There’s nothing worse than hearing your phone buzz on a Saturday afternoon or at 10 o’clock at night on a weekday to see that your colleague has sent over some extra work or a reminder that you didn’t do something. The separation between work and life is paramount. France are enforcing this boundary with a new law that states that it’s now illegal for your boss to email you during non-office hours.
And it’s not always their fault. They might be the types who work 24/7, it’s on you to screen those emails or set an out of office. However, constantly having that presence in your life can accumulate stress in the long run and is generally not very sociable or healthy for sender and receiver.
As HelloGiggles reports, “a recent French labour reform bill contains ‘a right to disconnect’ amendment that bans companies with 50 or more employees from sending any work-related emails after working hours. The amendment is an attempt to combat being plugged-in 24/7 during this tech age”.
Huffington Post explain that 10% of all French workers are susceptible to burnout. This is in tandem with France’s shorter workweek than most countries pulling 35-hour work weeks as opposed to our 40+. The French government have been pushing hard against employee exhaustion with this new illegal emailing rule.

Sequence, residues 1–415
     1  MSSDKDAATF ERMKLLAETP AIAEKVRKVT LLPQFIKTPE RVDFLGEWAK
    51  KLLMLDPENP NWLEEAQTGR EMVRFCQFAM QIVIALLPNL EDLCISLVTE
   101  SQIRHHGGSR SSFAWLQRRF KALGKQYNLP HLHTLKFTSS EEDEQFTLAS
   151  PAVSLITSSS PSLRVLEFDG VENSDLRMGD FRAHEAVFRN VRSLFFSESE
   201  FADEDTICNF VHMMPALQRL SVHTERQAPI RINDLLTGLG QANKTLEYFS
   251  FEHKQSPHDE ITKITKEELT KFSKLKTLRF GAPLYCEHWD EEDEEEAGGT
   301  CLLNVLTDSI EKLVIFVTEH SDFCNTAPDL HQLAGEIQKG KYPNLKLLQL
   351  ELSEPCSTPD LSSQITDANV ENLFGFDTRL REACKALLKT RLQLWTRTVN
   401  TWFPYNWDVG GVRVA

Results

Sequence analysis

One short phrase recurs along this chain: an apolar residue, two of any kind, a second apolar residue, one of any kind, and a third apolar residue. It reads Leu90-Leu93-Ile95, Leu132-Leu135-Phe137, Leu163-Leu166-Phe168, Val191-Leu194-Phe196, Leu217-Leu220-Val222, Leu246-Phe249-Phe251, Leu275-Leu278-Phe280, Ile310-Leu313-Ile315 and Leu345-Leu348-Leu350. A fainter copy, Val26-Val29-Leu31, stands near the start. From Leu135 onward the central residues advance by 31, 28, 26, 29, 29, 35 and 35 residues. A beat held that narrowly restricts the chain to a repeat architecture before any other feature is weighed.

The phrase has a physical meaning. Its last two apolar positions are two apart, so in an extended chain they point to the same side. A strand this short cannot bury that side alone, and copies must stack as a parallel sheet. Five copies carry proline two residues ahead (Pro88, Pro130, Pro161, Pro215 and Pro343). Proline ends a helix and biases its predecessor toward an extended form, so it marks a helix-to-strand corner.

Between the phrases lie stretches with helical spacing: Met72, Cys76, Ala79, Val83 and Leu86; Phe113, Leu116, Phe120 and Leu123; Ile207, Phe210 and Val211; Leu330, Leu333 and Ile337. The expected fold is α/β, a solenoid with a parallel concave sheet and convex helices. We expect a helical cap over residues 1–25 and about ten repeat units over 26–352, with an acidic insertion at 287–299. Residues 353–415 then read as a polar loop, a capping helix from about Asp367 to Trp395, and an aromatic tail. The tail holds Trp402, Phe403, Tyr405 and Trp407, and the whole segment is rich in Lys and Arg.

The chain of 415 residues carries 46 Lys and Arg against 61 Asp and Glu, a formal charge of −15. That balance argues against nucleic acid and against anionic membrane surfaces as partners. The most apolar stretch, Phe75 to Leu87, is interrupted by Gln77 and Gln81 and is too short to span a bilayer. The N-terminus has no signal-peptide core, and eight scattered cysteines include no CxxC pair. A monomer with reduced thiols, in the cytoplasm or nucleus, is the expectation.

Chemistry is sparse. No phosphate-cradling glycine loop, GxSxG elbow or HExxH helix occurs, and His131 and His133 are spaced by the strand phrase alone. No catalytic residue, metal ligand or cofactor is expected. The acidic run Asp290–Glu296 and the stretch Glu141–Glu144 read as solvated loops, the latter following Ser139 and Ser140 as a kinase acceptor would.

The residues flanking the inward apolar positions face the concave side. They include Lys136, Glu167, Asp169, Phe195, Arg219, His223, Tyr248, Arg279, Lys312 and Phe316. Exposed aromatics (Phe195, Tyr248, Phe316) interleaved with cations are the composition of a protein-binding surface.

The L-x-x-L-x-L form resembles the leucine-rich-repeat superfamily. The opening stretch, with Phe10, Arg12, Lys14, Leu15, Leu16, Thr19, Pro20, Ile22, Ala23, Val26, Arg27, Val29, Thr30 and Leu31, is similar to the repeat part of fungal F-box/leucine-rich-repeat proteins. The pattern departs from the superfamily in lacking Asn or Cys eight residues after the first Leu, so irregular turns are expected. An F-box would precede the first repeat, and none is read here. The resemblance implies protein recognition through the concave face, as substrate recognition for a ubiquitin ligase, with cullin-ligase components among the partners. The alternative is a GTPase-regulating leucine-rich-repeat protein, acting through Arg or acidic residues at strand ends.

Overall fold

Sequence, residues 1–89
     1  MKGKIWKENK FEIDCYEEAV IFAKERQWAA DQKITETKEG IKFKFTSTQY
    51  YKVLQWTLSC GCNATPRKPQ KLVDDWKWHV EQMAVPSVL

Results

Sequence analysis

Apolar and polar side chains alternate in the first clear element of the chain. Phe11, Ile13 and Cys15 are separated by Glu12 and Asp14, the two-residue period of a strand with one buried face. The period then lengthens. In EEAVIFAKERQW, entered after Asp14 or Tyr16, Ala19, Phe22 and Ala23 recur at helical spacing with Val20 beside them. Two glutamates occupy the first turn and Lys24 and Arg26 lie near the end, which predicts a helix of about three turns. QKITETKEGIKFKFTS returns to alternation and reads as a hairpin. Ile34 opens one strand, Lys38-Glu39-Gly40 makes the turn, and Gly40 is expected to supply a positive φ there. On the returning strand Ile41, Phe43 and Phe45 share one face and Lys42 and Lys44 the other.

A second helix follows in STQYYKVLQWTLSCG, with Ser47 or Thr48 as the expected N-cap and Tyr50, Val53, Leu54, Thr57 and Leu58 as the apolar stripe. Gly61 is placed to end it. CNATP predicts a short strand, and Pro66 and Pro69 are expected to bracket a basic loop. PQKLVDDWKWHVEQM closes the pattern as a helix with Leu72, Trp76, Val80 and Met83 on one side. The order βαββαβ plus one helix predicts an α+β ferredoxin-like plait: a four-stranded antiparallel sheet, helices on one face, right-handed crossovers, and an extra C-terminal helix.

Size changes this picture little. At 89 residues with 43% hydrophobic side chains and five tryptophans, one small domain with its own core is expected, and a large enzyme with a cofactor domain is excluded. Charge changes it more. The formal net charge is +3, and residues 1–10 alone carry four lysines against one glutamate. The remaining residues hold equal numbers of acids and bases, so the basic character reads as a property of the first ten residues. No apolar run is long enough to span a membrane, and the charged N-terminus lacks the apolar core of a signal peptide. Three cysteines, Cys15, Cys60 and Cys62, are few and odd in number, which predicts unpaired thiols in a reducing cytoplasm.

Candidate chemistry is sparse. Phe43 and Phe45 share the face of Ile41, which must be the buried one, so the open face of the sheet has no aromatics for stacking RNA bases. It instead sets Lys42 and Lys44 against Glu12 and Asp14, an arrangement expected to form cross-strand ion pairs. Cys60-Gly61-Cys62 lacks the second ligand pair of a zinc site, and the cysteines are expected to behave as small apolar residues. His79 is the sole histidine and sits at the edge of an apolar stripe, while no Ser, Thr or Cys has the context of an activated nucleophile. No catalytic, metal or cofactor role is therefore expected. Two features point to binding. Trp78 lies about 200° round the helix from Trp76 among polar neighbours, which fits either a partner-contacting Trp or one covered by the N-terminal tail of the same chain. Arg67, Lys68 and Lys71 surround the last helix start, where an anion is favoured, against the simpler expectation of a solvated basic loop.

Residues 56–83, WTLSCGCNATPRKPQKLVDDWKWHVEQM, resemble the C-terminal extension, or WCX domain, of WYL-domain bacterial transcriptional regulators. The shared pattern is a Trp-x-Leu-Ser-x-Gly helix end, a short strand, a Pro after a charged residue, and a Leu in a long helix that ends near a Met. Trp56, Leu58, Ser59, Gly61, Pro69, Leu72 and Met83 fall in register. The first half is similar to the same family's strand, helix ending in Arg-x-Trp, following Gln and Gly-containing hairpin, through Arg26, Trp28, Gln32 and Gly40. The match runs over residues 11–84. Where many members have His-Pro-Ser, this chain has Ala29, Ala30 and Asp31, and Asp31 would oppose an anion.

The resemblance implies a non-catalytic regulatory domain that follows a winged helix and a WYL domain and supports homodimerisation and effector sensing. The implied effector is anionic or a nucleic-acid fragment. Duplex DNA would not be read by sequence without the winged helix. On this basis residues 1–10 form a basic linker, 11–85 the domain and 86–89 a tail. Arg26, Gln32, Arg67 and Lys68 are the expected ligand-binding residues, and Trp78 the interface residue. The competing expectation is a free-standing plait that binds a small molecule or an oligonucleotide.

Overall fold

Stress is damaging companies more now than any punctuality, productivity and irresponsibility issues. Speaking to the BBC, Benoit Hamon of the French National Assembly said this”
“Employees physically leave the office, but they do not leave their work They remain attached by a king of electronic leash. [Work] colonises the life of the the life of the individual to the point where he or she ventrally breaks down”
It sounds very dramatic. Do you think we have to enforce illegal parameters to manage burnout or is the burden on the employee?